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On the computer screen in front of me, a house is going up. Before my eyes the building materializes rapidly as layer by layer of concrete is laid down, each stratum squeezed out of a huge nozzle as if from a gigantic toothpaste tube. This is not the construction of an actual house, not yet anyway; what I am watching is an animation of the way in which houses of the future may be built. Known as contour crafting, the process is the brainchild of USC engineering professor Behrokh Khoshnevis, who believes his technology will make it possible to build a house from foundation to roof in less than 24 hours: “Our goal,” says Khoshnevis, “is to be able to completely construct a one-story, 2,000-square-foot home on-site in one day without using human hands.”
In the age of instant everything, the cake-mix house was probably inevitable: Just add concrete powder and press the start key. With Khoshnevis’ system, the whole building process would be automated using special robotic equipment transported to the site. Entire enclaves could be built in weeks, and unlike the cookie-cutter conformity of most tract housing, each home could be a unique design. Though the process is robotic, Khoshnevis sees his technology as a means by which individually tailored houses could be made practical and affordable on a wide social scale. The machines he has designed can create any kind of three-dimensional structure, from simple cubes and boxes to domes, cylinders, cones, cones coming out of boxes, domes perched on top of cylinders, plus completely irregular forms and complex compound curves. “Architects love this technology,” Khoshnevis declares; structures that have never before been possible, or were prohibitively expensive, suddenly become as easy as rectilinear slabs.
“Any sufficiently advanced technology is indistinguishable from magic,” Arthur C. Clarke once remarked. One of the goals of magicians everywhere is to manifest objects out of nothingness, and Khoshnevis’ conception of the instant house is an extension of a technology that does exactly that. Known as rapid prototyping, or R.P. for short, it is one of the truly magical innovations of the modern scientific era. As the name implies, R.P. systems are generally used to fabricate three-dimensional models or prototypes — they are widely used in the auto and aerospace industries. First a computer model of the object is created, then, under machine control, a physical version of this digital form is built up gradually, layer by layer, a fraction of a millimeter at a time. There are various methods for achieving this almost miraculous materialization; Khoshnevis is the inventor of a particular variant with the alchemical-sounding name of Selective Inhibition of Sintering.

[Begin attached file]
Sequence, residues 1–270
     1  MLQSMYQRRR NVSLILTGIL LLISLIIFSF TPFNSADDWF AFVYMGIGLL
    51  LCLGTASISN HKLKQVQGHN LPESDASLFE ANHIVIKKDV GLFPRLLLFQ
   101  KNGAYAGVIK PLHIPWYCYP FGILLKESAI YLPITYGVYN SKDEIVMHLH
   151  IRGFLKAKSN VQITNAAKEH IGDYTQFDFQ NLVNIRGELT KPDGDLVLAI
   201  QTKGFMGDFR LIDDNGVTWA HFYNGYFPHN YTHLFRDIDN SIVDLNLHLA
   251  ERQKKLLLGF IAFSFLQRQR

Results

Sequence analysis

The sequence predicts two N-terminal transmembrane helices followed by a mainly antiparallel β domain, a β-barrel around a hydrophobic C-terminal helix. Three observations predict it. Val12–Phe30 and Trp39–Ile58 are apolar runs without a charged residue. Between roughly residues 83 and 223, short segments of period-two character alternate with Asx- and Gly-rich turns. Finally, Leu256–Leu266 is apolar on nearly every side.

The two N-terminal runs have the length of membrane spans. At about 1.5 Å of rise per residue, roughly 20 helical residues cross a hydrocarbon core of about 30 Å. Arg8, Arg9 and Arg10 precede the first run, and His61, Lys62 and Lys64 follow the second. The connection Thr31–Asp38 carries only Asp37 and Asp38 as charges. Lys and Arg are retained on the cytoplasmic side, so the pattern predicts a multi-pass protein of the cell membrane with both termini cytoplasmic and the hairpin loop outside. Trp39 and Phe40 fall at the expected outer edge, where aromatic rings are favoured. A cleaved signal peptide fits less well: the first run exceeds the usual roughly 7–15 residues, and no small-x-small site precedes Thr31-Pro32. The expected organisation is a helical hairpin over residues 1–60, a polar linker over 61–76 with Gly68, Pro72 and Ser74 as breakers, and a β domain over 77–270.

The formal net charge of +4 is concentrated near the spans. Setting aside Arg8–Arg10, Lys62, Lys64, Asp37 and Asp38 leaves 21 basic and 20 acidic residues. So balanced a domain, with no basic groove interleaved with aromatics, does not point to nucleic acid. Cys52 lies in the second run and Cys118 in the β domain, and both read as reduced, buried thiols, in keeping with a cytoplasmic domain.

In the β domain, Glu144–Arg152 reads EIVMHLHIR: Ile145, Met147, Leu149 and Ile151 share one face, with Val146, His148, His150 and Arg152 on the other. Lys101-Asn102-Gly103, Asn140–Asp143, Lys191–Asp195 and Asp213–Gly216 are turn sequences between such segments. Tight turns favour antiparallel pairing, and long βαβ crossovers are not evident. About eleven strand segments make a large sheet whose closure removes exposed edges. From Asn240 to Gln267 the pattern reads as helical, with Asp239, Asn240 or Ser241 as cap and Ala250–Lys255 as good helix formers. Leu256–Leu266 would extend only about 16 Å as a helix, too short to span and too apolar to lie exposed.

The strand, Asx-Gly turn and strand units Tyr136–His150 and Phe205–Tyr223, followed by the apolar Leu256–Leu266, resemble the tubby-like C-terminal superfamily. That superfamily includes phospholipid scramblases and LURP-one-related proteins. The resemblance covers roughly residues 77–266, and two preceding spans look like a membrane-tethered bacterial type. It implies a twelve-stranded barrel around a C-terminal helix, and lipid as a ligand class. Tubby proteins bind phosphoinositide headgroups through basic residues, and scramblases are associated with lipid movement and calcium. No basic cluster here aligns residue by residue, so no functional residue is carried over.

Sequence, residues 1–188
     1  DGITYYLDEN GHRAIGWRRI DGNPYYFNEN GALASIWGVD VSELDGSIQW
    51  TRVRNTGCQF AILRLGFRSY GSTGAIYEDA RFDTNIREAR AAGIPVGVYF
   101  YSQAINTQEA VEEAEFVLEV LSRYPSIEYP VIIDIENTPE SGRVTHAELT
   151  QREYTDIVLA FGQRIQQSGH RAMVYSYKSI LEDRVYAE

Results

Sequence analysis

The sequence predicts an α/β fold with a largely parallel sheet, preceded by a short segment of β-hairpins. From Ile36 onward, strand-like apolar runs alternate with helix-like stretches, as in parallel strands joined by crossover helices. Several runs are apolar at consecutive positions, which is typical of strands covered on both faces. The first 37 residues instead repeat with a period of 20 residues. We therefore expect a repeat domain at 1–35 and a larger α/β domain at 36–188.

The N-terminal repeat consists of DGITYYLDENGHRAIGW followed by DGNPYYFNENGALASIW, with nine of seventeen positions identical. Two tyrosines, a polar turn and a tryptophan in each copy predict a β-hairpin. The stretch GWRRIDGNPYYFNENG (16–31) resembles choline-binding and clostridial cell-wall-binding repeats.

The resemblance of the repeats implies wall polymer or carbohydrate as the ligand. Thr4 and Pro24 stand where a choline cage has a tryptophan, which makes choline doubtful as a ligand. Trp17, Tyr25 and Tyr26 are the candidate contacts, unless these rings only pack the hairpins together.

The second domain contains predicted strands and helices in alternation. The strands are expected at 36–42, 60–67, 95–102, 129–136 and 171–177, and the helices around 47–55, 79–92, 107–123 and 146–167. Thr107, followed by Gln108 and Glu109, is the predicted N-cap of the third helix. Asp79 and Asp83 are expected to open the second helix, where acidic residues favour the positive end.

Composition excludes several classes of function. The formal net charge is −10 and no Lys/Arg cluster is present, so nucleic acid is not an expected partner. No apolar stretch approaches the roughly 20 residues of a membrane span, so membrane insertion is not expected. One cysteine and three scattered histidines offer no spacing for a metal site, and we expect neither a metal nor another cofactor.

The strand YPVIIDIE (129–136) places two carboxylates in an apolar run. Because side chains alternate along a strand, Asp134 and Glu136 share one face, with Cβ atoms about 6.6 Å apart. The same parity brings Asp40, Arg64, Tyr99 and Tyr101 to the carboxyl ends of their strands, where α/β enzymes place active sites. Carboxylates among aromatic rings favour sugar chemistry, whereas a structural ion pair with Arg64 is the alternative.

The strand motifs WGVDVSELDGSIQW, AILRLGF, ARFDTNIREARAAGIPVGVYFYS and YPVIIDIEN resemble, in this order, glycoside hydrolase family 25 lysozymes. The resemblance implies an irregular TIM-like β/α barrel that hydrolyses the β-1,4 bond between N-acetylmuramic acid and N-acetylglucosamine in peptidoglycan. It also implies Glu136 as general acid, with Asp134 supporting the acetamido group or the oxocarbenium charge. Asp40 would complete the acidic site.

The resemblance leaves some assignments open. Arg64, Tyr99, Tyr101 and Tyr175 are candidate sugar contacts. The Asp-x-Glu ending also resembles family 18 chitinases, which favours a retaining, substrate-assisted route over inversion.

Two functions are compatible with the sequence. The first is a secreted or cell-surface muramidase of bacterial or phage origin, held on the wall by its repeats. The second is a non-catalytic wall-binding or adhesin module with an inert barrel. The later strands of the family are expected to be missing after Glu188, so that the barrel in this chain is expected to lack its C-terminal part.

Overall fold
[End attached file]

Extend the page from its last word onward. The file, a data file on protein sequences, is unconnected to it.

The idea of applying an R.P. philosophy to houses came to Khoshnevis one day while he was patching up some plaster in his living room. “It occurred to me,” he says, “that in car manufacturing we build much more complicated structures all the time. All we’d have to do is to scale up the existing technology.” Car parts might be complex, but typically they can be measured in inches, a couple of feet at most. Khoshnevis’ major challenge has been working out ways to practically implement a large-scale system. Later this year he’ll be testing his first house-sized version using grant money provided by the National Science Foundation. That test structure will be just a simple straight wall, but Khoshnevis is talking to the NSF about a further grant of $5.5 million to put together a full-on production system capable of building an entire house. He even has a site in mind, donated by the Pasadena-based California Institute of Earth Art, which hopes to see this test house fabricated in adobe.
Khoshnevis has already built a small-scale prototype of his system that can turn out objects from a few inches in diameter to about a foot across. In his office at USC’s Information Sciences Institute, in Marina del Rey, a dozen of these forms sit on a shelf beneath a window that opens out to a spectacular view of the harbor. I pick up a tapered cylindrical form, imagining it in my mind’s eye as a small tower. It feels surprisingly smooth — I had expected a rougher surface. Khoshnevis points out that most people like their walls pretty even and notes that smoothness has been one of the significant technical hurdles.
On another shelf rest a couple of objects that are clearly proofs-of-concept for constructing curved vertical walls. Fluid and elegant, they would be equally suited to a high-desert landscape or a futuristic city. I ask Khoshnevis if it is really conceivable that we could build such structures on a suburban lot, and he assures me that in principle this is child’s play. For decades “We’ve been doing much more complex things with robotics,” he says. “This is all very simple assembly.”
In auto factories the machines are fixed in place; in order to build houses, Khoshnevis’ equipment would have to be transported to the site. His animation shows what such a setup might look like simulating the construction process in blocky 3-D graphics. Installed along the sides of the virtual lot are two large rails, a gigantic movable gantry atop them, to which is attached the nozzle machinery. Beside the rails stands a tank to hold the building material — concrete or some kind of composite. Khoshnevis punches the start key, and the gantry begins to ride up and down the rails while the nozzle emits a steady stream in a precise pattern predetermined by the architect’s design.